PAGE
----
She motioned to go back into the pub.
– If you see Will tell him to get a move on.
– I’m not likely to see him in the ladies’ am I?
And then Will appeared.
– Where’ve you been? he said.
– Nowhere.
– Been inside waiting.
– D’you remember Joe Hey.
– Let’s get going. It’s work tomorrow.
Mags reached out and snatched at Rob’s sleeve. He turned back to her. She stroked the cuff of his jacket.
– ‘Bye Rob. And she smiled.
– Oh, he said. ‘Bye.
– See you. She turned and opened the door. Then she turned back to the two young men, pouted and slipped away.
Will had to lean over to open the door from inside. Rob fastened the seat belt. Will tried to start the car. It grumbled, dashboard lights blinked off and on but the engine wouldn’t come alive.
– Have to give it a bump said Will.
They got to the edge of the road and there was a bus then a motorbike coming down. Rob pushed from the back of the car and Will had the driver’s door open. Will jumped in and the engine juddered to life. Rob felt dizzy as the exhaust spluttered then he had to jog a few yards and jump in the car.
– I think I’m going to be sick he said.
– Clunk click said Will.
Rob felt the belt round him and remembered Margaret’s body. A good time smile flickered on his face. Rob’s eyes were half closed with pleasure, his head lolling again. At Stone Chair, the lights changed to red.
– Oh shit said Will
– Still downhill. Rob’s hand went to his mouth. He wound the window down but he didn’t throw up. The cool air felt good though.
The engine complained under Will’s foot then roared.
– If you’ve splashed my car, he yelled, you can fucking well clean it off.
Rob laughed. I didn’t spew he said. Wouldn’t make any difference to this thing anyway if I had.
The car began to cooperate as the lights went green. In front of them the road was black and shiny headlights picked out the route for them round Abbscott and into Wyckham. Right outside that new estate where Viv Taylor lived there was a double bump. Something under the wheels. Will stopped and looked in the rearview. There was nobody around at all and drizzly rain spotted the windscreen. Will clicked open the door.
– Come on he said and he stood on the road leaning back inside the car. Better see what that was. You never know.
Rob’s eyes were wide awake now and he felt stiff, chilled. The car whirred coughed whirred again as they walked back to find what happened. There was dim amber light, and dimmer red lights that couldn’t make it clear what had happened but they both guessed or knew anyway. And there it was, in the gutter. A grey looking cat with white paws. It was a mangled and broken child’s model, trying to move away. Its pelvis and back legs were beyond repair. It yowled and skriked like a baby and Rob felt the beer sloshing in his guts and then acid in his throat. The cat’s fur slicked in the rain under the street light. Rob’s hair dripped into his eyes and drooped down his face. The rain began to fall heavier and Rob could hear the car’s irregular whining. The cat’s whimpering sounded like a baby crying.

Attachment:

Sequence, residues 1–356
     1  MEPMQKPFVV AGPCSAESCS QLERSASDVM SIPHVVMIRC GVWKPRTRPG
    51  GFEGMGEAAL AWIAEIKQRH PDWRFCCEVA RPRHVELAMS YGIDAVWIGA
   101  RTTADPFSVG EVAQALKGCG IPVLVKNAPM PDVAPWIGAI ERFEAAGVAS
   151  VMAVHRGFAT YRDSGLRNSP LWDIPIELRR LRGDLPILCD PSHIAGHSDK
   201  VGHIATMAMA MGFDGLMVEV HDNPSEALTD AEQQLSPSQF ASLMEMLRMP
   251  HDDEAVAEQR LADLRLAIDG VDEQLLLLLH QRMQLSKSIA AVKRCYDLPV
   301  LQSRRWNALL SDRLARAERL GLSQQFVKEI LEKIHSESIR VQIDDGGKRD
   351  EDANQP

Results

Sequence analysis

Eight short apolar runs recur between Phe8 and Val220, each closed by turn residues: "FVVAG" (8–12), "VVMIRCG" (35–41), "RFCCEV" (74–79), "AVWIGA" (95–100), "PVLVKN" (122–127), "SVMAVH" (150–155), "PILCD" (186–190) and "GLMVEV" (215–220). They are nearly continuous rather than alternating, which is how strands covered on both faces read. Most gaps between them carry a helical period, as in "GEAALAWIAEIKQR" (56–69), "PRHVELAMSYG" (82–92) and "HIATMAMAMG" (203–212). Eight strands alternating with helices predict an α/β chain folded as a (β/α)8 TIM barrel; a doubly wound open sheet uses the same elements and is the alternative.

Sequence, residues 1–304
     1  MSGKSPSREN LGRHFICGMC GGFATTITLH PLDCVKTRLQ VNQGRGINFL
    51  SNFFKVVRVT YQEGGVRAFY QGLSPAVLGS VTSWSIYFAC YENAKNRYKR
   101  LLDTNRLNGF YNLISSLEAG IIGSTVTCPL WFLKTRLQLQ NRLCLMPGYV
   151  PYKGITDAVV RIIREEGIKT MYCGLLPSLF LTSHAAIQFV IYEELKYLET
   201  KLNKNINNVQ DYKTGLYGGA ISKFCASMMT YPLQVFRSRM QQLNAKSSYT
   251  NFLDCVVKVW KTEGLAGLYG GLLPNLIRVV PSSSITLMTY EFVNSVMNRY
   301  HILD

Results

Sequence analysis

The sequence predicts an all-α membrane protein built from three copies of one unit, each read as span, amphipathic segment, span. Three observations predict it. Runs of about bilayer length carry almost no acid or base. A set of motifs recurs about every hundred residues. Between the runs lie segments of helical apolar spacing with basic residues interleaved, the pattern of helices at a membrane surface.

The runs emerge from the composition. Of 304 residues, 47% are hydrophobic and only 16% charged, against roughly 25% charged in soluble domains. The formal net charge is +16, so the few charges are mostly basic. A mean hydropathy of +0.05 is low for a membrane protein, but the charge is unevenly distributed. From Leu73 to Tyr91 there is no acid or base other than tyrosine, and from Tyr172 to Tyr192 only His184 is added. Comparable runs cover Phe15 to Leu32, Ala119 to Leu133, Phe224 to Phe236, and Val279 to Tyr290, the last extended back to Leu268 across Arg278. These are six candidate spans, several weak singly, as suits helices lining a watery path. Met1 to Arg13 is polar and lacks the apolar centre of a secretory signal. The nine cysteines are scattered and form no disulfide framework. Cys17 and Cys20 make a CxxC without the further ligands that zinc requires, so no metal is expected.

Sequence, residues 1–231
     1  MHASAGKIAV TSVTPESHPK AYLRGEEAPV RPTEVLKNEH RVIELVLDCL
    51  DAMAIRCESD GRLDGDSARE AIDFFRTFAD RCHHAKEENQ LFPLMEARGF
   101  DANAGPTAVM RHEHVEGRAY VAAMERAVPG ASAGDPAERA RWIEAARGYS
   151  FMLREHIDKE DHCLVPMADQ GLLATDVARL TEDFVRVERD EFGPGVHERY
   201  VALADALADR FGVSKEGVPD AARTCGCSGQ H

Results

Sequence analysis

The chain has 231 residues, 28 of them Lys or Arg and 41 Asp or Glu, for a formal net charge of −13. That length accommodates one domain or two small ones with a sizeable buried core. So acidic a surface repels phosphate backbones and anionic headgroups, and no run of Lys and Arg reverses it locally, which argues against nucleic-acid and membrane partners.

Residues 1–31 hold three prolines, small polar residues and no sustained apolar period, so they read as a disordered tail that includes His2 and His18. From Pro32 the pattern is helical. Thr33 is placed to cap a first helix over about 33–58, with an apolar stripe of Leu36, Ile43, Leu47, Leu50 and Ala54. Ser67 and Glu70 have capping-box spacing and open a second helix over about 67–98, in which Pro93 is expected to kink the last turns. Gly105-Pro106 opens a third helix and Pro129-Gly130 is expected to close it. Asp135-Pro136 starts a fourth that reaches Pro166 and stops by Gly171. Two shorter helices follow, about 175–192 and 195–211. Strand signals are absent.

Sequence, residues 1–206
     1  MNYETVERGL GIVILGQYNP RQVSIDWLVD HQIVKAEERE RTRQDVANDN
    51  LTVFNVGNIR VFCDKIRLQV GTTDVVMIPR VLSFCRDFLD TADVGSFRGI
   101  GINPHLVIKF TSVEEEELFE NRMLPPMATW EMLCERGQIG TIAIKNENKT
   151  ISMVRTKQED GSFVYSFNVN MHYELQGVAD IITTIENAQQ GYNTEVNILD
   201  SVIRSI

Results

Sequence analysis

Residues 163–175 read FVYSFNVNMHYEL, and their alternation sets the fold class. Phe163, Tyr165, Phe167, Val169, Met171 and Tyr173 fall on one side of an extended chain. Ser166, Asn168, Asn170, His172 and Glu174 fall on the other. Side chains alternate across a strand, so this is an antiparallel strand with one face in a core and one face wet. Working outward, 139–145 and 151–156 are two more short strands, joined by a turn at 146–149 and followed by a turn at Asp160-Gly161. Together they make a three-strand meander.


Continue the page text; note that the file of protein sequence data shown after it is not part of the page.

– Is that blood? I can’t quite tell.
– We’ll have to finish it.
– What?
– Kindest thing to do.
– Kill it? Do you mean you want to kill it?
Rob twitched a quick look at Will and then at the cat.
– I don’t want to. But I think I have to. The car continued to growl and cough. As it spluttered and purred Rob thought of Peter and Mags and her stroking him.
– I can’t do that.
– We can’t leave it like this.
– I can’t do it Will.
Will reached out and started to stroke the cat’s head and ears. He shushed it and it screeched and hissed and then calmed but its ears were still flat, its mouth still open. Then Will took its head in one hand and its neck in the other. He jerked, twisted a quick snap that choked its life away. And then he crouched, one elbow angled on his knee his hand covering his eyes. Rob stood open mouthed as a car approached, passed them and went on its way. The cat’s mouth stayed slightly open and Rob could make out the little tongue curved behind its teeth. Its eyes were still shining in the bleak light and misty rain. Another car stopped. Red lights gave Will a phantom look.
– You OK lads?
– Yeah. OK.
– It’s a cat.
– Is it dead?
– Oh yeah. It’s dead all right.
Will stayed low on the road for a bit longer. Rob stood and looked down at the two motionless figures. Then Will stood and lifted the cat and cradled it to the car like a cushion. He moved quickly, Rob following like a page.
– Open the boot.
Rob opened the boot. He could just make out the shapes of a few cartons.
– Empty that box said Will.
– Where?
– I don’t bloody care. Just empty it.
There was nothing to put the nuts and bolts in and Rob stood dithering.
– Here says Will and he thrust the dead thing into Rob’s grasp. I’ll do it myself.
Rob felt he had stopped breathing. He didn’t want to look at the corpse in his arms. Will opened a toolbox and clanged the metal bits into it. He pointed at the cardboard box.
– In there, in there. Rob placed the body in the box. They both stood and looked at the lifeless thing. After a few moments, Will found a cloth and wiped his hands.
– Better to take it with us.
– Can’t leave it on the road.
– Some kid might see it.
– Somebody will miss it tomorrow.
– Maybe tonight.
Rob nodded. He was breathing through his mouth. He had not seen anything like this before.
– It’s just nothing now.
– It was loved by someone.
– Loved. Yeah.
– They’ll guess it got killed.
– Soon.
– Eventually.
– What will you do with it?
– Dunno. Bury it at the back of our house.
Will stretched up to close the boot. The car cut out. He cursed into the darkness.
– Bollox, he said.

September 19, 2018
2280 words

One thought on “BUMP AND CHOKE

  1. Hi Andy. I preferred the first person. Great story but the first person was easier to follow and more intimate, of course.